With Australia’s superannuation assets currently totalling $2.9 trillion, there have been marked movements in super fund allocations from Australian assets towards international equities (currently 24%) and international fixed income (9%) over the last 20 years.
Given the relatively small size of the local equity market, there are sound reasons for this shift. Geographic diversification spreads portfolio risk, reduces volatility, provides access to more sectors, and potentially improves returns for investors.
However, there are occasions when a local focus is warranted, particularly when it comes to fixed income and especially direct private loans, as we discuss here.
Growth in the corporate loan market
In recent times, corporate loans have been garnering a great deal of attention in Australia, as a number of large Australian super funds have moved into the market or indicated that they are investigating how to access this asset class.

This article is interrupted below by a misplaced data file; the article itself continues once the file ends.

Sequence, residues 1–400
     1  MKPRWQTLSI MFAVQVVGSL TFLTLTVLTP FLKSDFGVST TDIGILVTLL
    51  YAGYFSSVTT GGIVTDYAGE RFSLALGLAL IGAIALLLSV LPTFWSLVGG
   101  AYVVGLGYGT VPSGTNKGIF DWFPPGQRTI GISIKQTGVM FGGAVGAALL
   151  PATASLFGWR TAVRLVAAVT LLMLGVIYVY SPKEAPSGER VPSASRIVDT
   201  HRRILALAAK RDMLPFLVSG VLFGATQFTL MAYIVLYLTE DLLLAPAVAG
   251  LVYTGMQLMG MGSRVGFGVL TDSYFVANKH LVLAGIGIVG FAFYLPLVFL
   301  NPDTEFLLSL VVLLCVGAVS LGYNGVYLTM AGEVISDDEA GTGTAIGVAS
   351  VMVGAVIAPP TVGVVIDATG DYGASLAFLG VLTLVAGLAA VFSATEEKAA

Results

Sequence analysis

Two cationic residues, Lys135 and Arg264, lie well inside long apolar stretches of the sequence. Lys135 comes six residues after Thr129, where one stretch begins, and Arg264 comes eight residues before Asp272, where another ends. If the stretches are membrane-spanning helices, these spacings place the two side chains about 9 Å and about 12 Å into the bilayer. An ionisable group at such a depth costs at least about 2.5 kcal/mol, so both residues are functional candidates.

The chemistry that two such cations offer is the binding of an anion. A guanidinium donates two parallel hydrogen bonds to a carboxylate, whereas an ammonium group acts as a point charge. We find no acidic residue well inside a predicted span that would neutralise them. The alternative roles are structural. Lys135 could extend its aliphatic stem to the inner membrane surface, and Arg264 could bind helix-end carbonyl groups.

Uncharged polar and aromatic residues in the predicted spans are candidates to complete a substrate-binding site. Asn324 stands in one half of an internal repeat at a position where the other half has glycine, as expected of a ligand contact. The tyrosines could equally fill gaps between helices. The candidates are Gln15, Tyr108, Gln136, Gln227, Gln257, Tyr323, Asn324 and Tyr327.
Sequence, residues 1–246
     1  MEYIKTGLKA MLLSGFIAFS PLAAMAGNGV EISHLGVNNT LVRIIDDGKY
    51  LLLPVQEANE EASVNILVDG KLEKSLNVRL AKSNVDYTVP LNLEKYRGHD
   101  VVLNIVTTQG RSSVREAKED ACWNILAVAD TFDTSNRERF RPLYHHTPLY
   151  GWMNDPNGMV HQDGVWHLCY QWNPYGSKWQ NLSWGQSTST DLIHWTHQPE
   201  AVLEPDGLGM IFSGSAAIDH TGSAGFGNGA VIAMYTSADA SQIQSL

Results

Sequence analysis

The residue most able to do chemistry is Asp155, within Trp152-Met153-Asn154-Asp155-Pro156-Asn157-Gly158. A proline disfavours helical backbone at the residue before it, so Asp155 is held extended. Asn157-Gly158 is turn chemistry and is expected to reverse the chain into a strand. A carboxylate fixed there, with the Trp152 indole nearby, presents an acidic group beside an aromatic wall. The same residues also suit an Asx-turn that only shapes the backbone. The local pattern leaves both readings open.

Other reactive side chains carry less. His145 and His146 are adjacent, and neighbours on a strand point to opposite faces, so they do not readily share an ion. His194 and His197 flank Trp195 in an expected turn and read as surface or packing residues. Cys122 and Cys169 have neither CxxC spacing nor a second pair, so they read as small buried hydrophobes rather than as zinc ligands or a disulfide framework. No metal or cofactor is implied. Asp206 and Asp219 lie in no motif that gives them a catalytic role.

Banks have been retreating from private debt markets since the global financial crisis forced them to repair their balance sheets and, more recently, Basel III mandated stronger capital adequacy obligations.
As a result, Australia’s non-bank lenders are slowly following the US and UK and taking in a larger slice of the debt market, with many super funds now developing their own direct lending exposures and in-house expertise.
Much of this new lending has focused on global markets – with Australian super funds now funding everything from real estate to infrastructure investments across North America and parts of Europe, with some expanding into emerging market debt.